Africa, however, remains a growth opportunity for the Pentagon. The United States is now engaged, directly or by proxy, in military operations and surveillance for an extensive list of regional enemies. This includes Al-Qaeda in the Islamic Maghreb in North Africa, the Islamist movement Boko Haram in Nigeria militants possibly close to Al-Qaeda in the post-Gaddafi Libya, the murderous Lord’s Resistance Army (LRA) of Joseph Kony Central African Republic, Congo and South Sudan rebel Islamist Ansar Dine in Mali, Al-Shabaab in Somalia and al-Qaeda guerrillas in the peninsula by the Persian Gulf of Aden Yemen. A recent survey by the Washington Post revealed that the aviation surveillance managed by SMP installed in Entebbe, Uganda, in order scum Pentagon territory frequented by the LRA of Kony, and 100 to 200 U.S. commandos share a base with Kenyan army Manda Bay.
In addition, U.S. drones are sent from the airport Arba Minch Ethiopia and from the Seychelles in the Indian Ocean, while drones and F-15 bombers operated out of Camp Lemonnier in the wars of the shade conducted by the U.S. military and the CIA in Yemen and Somalia. Surveillance aircraft used for spying missions over Mali, Mauritania and the Sahara Desert mission also leave from Ouagadougou in Burkina Faso, and, according to some reports, projects are being implemented to a similar basis in newly born South Sudan.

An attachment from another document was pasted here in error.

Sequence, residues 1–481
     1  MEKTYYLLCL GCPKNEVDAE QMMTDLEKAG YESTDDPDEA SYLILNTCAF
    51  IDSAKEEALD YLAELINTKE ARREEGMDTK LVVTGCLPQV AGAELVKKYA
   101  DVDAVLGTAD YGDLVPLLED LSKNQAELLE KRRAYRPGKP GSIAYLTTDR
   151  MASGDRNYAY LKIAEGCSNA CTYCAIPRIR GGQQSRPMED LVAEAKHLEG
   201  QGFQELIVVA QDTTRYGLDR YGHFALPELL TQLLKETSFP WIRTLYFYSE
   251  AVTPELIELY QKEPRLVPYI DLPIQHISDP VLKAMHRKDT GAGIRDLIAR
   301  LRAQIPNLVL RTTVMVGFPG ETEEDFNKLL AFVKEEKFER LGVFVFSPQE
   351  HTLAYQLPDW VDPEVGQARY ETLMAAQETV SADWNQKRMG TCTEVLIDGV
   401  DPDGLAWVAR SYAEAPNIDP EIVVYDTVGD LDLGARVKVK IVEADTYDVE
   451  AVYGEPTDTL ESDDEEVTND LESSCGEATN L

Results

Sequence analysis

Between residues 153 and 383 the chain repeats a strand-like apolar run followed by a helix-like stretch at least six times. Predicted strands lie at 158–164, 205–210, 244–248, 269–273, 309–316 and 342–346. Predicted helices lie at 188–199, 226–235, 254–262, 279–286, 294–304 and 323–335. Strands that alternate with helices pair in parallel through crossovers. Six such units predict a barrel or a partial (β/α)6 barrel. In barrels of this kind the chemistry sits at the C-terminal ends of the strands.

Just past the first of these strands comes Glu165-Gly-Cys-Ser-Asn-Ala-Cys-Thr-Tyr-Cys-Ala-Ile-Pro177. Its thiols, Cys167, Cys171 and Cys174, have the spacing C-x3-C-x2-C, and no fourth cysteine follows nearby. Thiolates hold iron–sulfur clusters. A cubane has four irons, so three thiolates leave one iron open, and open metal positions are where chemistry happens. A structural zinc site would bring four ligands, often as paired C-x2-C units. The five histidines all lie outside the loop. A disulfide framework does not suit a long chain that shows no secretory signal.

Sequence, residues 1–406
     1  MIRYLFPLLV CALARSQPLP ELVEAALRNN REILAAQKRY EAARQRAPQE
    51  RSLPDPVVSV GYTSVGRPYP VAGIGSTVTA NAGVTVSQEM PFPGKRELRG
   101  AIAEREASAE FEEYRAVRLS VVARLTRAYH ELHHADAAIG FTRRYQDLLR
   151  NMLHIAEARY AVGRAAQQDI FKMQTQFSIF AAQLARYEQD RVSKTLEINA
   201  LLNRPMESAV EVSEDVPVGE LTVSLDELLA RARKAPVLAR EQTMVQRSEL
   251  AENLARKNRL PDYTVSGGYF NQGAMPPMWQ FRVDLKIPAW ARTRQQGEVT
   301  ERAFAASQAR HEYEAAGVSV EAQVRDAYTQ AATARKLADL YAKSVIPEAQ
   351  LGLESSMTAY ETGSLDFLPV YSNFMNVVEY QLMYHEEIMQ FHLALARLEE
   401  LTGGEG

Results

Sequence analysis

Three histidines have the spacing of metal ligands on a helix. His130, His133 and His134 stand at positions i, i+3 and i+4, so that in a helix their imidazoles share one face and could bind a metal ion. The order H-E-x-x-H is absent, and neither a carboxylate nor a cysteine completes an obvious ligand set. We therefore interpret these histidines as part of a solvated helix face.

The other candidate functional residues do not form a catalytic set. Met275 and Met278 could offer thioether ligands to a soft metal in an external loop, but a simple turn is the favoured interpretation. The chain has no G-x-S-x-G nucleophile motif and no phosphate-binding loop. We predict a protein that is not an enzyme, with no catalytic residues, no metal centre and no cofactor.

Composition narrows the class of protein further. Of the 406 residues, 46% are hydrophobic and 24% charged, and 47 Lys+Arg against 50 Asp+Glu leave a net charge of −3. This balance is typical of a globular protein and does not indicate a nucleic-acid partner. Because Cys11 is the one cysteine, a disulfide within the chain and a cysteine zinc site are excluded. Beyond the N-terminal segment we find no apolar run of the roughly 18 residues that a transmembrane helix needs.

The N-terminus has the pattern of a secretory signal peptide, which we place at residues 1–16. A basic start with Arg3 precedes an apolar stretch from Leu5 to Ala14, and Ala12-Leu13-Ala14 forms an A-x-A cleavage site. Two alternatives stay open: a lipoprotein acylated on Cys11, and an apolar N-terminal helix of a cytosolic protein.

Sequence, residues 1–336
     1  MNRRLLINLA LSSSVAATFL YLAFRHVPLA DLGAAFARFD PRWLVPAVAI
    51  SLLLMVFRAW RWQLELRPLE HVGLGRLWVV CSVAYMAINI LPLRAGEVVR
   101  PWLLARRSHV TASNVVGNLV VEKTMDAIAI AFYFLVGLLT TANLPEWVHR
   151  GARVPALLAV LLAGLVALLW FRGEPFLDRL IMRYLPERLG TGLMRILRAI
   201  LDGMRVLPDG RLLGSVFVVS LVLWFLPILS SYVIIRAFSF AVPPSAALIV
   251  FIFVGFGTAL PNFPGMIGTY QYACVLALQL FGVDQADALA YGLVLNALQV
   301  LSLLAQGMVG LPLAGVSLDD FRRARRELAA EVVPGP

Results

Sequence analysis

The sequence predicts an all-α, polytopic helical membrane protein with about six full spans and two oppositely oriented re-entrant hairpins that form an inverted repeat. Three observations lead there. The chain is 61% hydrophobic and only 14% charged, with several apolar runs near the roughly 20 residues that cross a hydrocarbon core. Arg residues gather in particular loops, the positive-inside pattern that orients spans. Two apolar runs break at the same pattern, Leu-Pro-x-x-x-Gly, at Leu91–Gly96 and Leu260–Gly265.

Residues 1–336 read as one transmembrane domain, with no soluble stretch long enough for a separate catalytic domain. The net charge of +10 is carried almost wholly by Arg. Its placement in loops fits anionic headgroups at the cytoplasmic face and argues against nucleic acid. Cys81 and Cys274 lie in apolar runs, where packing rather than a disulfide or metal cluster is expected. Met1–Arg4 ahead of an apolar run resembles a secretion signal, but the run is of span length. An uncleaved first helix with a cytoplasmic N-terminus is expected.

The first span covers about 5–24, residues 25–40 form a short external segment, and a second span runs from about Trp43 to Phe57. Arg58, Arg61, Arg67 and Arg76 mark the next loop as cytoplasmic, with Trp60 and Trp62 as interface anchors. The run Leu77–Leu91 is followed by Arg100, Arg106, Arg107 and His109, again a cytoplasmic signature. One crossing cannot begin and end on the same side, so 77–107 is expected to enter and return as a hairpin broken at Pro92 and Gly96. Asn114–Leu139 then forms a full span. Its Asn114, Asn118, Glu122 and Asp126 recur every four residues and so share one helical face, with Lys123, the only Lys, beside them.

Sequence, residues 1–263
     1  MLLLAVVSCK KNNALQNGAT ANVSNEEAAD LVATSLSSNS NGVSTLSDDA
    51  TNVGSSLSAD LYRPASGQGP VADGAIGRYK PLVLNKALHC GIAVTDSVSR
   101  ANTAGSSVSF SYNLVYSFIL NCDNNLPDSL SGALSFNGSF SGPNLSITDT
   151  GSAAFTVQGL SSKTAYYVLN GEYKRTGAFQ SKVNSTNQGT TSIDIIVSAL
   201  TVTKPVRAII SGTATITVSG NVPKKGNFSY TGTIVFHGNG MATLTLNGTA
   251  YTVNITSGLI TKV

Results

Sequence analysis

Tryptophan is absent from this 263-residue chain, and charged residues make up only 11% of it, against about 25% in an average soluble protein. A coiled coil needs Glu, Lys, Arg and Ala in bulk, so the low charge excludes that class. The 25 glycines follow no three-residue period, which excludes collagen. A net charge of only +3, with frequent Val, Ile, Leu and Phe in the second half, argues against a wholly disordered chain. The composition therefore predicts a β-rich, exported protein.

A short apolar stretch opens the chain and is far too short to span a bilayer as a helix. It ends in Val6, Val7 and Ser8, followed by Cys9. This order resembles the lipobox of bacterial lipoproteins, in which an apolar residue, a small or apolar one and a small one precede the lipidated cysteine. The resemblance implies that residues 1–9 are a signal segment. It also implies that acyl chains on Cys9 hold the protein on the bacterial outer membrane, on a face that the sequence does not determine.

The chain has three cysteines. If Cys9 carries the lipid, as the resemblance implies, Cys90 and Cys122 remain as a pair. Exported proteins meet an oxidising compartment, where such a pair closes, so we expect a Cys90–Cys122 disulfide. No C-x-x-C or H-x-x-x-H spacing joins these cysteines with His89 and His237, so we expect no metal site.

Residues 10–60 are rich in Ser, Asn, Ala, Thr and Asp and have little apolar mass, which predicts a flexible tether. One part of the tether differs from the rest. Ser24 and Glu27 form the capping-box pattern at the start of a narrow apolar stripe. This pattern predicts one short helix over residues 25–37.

The U.S. special operations forces are stationed on the outskirts of operational positions advanced on the continent, including in Djema Central African Republic and other Nzara in Dungu Sus Sudan and the Democratic Republic of Congo. The United States has also deployed troops in Mali, although they officially suspended military relations with that country following a coup d’état.
According to a study TomDispatch, the U.S. Navy also has a forward operating base, mainly inhabited by the genius (Seabees), civil affairs personnel, and troops of protection, as Gilbert Camp in Dire Dawa in Ethiopia.
The U.S. military documents indicate that there may be other U.S. facilities smaller still in the country.
In addition to Camp Lemonier, the U.S. military also maintains another lost outpost in Djibouti, a port facility of the navy did not even name.
Source: Theatrum Belli-